This was not the first time I’ve seen this sentiment expressed and it was, once again, very unsettling to me. Unquestionably, 9/11 was horrible, so many precious lives were lost and our world was changed forever. But to cling to that horror without ever forgiving will keep us trapped in the pain and suffering fed by that fear and grief.
September 11th fell this year in the midst of the Jewish High Holidays which start with Rosh Hashanah and end with Yom Kippur, the day of atonement. Atonement is a concept that is often misunderstood and underappreciated these days. Break the word down, at-one-ment, and you can see more clearly what it is about, realigning with spirit. The peace and sense of wholeness that comes with true alignment with spirit is what we are all searching for in life.
How do we fall out of alignment in the first place? Sin. If you eliminate all the particular religions’ moral codes and take the word down to its most basic definition, sin can be anything, a thought, an action or a non-action, that is not in alignment with who you are as spirit. Our sins may affect others or they may not. In essence, simply not honoring your own self worth, something many of us are guilty of, is a sin. To truly rectify sin and restore alignment requires change from within. Punishment does not achieve this.
I was at once both saddened and frustrated by the comic strip. The sentiment expressed showed a complete lack of understanding of the nature of forgiveness and who it ultimately serves. Spirit is 100% pure positive energy and only sees the good. To not be willing or able to forgive either yourself or another, will keep you out of alignment with the positive vibration of spirit. When you forgive, you set yourself free from the anger and other negative emotions that cause you to suffer. The process of forgiveness is like releasing the anchor that dragged you down to the depths and effortlessly floating back to the surface.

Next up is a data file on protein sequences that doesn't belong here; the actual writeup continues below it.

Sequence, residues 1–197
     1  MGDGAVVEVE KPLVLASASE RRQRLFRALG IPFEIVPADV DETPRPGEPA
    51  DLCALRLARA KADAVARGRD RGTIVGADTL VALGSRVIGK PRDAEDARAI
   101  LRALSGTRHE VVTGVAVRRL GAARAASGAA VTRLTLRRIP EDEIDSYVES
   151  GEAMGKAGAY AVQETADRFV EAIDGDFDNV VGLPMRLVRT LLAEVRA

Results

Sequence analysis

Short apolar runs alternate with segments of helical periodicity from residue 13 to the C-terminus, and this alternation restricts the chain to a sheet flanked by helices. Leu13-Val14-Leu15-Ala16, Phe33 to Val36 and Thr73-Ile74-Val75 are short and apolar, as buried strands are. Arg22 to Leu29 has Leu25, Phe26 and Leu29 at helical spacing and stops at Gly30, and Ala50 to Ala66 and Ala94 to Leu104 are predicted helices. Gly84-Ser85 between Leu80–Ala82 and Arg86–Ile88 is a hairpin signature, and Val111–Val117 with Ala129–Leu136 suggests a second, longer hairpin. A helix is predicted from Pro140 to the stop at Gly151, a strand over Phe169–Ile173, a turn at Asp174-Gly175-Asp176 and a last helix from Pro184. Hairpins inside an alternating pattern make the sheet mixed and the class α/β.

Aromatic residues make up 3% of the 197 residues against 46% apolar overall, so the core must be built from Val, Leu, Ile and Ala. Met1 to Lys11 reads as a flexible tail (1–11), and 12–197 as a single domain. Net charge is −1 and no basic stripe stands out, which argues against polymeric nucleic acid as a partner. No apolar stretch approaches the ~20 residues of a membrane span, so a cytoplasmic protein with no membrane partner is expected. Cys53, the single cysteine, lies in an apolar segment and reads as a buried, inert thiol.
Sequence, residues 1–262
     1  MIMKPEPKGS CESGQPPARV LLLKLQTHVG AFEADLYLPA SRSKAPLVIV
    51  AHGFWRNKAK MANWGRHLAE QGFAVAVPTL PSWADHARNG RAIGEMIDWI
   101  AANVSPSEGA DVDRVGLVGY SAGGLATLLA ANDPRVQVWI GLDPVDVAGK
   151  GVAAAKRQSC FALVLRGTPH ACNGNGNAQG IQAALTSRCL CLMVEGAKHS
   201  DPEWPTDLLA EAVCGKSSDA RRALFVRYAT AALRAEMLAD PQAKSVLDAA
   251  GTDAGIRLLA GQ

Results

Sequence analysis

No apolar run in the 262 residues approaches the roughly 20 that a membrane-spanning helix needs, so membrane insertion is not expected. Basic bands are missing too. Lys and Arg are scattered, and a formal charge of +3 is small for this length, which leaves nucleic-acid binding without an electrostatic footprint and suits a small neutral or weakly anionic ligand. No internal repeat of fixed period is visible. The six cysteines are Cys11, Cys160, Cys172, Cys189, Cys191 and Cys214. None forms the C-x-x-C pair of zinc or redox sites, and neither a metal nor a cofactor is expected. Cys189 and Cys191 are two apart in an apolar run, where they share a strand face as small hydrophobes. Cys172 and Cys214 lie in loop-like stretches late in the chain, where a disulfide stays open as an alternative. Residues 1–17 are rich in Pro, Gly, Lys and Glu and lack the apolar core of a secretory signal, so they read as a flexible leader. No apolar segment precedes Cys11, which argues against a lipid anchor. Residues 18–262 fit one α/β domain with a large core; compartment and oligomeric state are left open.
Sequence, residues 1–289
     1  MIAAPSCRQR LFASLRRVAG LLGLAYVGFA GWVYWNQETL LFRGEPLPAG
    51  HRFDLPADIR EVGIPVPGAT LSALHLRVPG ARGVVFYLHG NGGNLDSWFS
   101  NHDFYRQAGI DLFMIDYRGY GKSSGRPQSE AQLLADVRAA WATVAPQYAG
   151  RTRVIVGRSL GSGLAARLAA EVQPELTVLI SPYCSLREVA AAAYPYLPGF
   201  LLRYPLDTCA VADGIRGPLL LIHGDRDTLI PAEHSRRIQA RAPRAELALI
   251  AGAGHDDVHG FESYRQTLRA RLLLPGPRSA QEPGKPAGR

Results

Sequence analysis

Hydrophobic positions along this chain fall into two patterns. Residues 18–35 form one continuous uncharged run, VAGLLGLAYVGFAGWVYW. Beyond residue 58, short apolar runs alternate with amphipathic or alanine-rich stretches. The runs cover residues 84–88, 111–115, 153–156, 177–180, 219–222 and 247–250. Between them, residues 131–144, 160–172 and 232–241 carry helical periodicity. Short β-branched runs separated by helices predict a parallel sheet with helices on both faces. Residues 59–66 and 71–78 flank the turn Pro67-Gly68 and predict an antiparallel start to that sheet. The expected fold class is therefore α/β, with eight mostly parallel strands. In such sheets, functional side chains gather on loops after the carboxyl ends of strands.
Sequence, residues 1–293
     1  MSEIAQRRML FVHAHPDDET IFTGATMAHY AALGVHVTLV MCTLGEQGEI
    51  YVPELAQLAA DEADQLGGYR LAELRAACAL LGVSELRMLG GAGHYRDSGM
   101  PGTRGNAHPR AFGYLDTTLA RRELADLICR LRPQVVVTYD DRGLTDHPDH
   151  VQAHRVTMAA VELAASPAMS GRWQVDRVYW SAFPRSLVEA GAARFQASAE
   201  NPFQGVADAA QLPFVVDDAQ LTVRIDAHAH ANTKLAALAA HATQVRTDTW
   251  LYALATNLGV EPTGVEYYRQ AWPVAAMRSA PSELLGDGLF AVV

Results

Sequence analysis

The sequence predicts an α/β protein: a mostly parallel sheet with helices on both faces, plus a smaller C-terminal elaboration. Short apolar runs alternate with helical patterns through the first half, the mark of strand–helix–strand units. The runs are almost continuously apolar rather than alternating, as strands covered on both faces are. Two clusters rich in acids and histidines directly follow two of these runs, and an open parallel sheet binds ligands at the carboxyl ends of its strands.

Creating union between body, mind and spirit is the ultimate purpose of yoga. Bikram’s methodology is very simple: “Use the body as a medium to bring the mind back to the brain. Create a perfect marriage between body and mind and then you can reach the spirit.” He is adamant that this is the path to Self realization.
Many of us teachers have heard Bikram say that loyalty is the highest expression of spiritualism. While teaching, I rarely, if ever, speak to this teaching of his nor have I heard any other teachers refer to this. Just like his signature phrase “lock the knee” frequently gets confused with hyper-extending the knee, much is lost in translation. He is not referring to loyalty, blind or otherwise, to something outside of you. He is referring to loyalty to your higher self–to you the spirit.